On January 12, Ali Sharif Ahmed, Somalia’s ambassador to the United States, penned an article suggesting Somalia had turned the corner and is poised for success, so long as American taxpayers grant it $1 billion in debt relief.
Alas, many of his declarations appear completely disconnected from reality.
There is no conspiracy against Somalia to deny its rightful place; but the problems Somalia faces—corruption, insecurity, and increasingly dictatorship—are of its own making.
Ambassador Ahmed targets Dr. Michael Rubin for pointing out that the Republic of Somaliland is more peaceful, secure, and democratic than areas controlled by the Somali government in Mogadishu. It is a truism that officials opt for ad hominem attacks when they are unable to win a debate on its merits. Alas, the ambassador must have missed other prominent news outlets that agree with Rubin’s grim assessment of Somalia’s progress against terror. Let me cite only a few of the dozens of such analysis:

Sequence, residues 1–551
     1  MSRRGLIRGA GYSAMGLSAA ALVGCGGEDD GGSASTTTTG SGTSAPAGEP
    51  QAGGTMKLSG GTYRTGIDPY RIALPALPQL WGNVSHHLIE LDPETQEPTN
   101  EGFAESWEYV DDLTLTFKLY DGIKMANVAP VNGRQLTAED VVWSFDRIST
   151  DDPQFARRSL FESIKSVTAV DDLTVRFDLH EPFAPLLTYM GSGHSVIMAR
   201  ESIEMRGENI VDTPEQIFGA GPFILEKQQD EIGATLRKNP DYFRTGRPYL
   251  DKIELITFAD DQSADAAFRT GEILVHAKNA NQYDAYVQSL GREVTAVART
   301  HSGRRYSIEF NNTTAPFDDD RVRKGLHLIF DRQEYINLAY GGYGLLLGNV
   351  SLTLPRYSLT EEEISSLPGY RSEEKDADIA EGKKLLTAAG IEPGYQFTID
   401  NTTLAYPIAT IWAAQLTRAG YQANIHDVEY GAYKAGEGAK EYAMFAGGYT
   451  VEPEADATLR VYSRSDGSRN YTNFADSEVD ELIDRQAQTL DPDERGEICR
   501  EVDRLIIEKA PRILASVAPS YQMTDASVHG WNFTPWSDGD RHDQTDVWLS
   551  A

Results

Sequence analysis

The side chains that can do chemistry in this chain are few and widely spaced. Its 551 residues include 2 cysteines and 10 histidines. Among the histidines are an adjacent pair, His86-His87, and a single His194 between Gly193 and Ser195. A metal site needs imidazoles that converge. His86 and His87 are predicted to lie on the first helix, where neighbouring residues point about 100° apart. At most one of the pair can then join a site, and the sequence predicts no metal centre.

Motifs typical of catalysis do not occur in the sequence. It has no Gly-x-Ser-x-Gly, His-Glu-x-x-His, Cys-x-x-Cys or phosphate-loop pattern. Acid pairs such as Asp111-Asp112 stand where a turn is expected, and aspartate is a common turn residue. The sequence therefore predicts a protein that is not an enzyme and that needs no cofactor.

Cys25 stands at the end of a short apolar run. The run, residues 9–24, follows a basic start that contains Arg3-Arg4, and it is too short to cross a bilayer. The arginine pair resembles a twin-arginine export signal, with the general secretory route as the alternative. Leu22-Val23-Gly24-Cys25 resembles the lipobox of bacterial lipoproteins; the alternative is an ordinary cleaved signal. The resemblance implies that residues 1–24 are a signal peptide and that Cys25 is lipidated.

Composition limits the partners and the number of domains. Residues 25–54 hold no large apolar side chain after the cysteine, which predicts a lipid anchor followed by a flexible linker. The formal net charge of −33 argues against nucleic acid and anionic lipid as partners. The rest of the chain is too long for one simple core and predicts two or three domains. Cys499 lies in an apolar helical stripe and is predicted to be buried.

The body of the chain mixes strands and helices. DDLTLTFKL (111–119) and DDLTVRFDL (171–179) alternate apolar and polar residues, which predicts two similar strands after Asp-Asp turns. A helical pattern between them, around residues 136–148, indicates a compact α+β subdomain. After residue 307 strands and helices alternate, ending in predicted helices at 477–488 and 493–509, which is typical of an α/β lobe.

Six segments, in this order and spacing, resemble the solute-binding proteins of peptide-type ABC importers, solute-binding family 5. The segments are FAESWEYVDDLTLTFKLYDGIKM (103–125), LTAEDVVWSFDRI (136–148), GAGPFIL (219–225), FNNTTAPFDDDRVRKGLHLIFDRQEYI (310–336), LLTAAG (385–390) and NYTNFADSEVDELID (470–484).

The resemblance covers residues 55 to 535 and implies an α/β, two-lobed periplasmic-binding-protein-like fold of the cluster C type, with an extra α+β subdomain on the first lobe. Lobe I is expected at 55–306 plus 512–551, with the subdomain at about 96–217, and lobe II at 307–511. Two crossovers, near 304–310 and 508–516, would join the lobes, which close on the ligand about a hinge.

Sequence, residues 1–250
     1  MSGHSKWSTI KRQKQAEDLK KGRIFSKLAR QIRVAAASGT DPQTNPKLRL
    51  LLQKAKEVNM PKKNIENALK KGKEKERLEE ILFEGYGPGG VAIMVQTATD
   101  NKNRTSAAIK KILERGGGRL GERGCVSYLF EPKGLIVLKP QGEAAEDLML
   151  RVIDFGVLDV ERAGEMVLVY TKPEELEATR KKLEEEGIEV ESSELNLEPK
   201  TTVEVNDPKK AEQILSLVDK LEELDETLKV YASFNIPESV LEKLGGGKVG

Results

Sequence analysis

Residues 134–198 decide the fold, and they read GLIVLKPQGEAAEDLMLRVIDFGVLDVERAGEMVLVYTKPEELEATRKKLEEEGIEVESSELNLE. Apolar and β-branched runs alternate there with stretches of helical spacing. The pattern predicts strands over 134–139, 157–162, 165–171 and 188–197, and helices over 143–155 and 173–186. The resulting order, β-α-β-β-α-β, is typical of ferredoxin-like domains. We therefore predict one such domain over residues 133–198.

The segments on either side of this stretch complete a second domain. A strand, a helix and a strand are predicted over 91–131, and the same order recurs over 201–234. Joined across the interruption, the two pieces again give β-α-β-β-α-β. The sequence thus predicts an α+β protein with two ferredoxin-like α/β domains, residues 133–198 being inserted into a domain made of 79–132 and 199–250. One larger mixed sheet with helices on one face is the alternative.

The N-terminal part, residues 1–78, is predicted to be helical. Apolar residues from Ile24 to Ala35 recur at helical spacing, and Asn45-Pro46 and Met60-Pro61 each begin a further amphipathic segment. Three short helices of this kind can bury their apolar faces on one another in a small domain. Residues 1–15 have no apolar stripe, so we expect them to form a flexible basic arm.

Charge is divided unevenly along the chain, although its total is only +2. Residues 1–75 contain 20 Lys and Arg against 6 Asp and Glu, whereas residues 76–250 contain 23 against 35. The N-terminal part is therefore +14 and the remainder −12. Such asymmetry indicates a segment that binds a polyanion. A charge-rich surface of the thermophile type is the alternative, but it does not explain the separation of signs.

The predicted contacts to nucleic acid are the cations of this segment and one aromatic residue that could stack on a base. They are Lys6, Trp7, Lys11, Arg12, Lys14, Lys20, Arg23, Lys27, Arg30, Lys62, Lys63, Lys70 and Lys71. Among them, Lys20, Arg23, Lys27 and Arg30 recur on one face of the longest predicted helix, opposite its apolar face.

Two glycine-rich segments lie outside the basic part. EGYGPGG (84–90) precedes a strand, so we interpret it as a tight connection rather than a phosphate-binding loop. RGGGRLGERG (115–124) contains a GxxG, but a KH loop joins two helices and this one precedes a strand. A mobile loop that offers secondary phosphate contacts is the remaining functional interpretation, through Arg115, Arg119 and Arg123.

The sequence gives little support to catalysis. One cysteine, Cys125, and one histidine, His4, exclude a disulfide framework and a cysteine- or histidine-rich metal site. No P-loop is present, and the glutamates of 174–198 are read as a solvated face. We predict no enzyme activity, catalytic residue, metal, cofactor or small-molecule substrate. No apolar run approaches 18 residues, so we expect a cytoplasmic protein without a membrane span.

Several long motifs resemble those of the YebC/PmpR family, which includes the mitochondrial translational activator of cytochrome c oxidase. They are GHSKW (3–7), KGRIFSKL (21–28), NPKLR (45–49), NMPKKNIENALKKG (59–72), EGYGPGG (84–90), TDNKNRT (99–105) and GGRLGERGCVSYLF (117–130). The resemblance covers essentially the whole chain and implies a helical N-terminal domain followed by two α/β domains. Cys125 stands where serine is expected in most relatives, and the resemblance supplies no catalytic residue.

It is disingenuous at best to claim that the Federal Government of Somalia under President Mohamed Farmajo’s leadership has made any considerable gains against Al-Shabaab who not only have frequently slaughtered scores of civilians but has brazenly killed even government officials in their heavily guarded offices.